Positioning of HIV-protease inhibitors in clinical practice

Andreoni, M.; Perno, C. F.
January 2012
European Review for Medical & Pharmacological Sciences;2012, Vol. 16 Issue 1, p10
Academic Journal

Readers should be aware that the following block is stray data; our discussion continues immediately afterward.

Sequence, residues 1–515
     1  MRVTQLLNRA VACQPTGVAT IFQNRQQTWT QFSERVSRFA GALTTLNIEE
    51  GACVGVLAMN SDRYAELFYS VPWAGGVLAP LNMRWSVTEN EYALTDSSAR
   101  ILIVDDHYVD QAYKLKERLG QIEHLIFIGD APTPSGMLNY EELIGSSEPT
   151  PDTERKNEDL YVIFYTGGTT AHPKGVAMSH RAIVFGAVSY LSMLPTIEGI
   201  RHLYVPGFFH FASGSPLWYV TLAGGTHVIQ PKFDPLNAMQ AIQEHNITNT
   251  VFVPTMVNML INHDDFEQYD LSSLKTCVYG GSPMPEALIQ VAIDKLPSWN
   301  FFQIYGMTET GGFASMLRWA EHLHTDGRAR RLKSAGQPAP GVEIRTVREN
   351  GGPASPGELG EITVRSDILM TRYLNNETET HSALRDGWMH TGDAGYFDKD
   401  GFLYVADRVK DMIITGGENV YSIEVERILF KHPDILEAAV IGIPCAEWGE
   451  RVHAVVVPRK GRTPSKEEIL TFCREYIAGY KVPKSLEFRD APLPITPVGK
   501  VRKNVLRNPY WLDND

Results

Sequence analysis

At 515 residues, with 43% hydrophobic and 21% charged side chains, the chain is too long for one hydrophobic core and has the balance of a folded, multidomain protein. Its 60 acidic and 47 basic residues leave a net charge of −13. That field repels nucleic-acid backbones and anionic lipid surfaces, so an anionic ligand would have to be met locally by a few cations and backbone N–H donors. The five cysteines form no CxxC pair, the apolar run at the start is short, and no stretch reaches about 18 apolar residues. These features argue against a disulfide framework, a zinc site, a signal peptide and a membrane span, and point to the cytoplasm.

The availability of more than 20 drugs for the treatment of HIV infection, and the success of the current antiretroviral regimens, should not overlook the difficulty of longterm maintaining the control of viral replication. The therapy needs to be continued for decades, if not for lifetime, and there are clear evidences that, even in patients fully suppressed for many years, HIV starts again its replication cycles in case antiviral pressure is removed. The development of resistance is a natural event at the time of virological failure, that needs to be taken into account in the global strategy against HIV in each particular patient. Taking all together, therapeutic regiments must be embedded, since the beginning, in a long-term strategy whose main task is the stable control of the replication of HIV. To do so, the choice of the first antiviral regimen has to be highly appropriate to keep the virus in check, and at the same time maintain future therapeutic options. Change of therapy at the time of failure has to be also appropriate, in term of timing, diagnostic strategy, and selection of drugs. Under these circumstances, the use of protease inhibitors in the first line acquires a strong rationale, that balances the greater pure potency of non-nucleoside reverse transcriptase inhibitors (NNRTI), and makes them a valuable options for many patients that need to start antiviral therapy.


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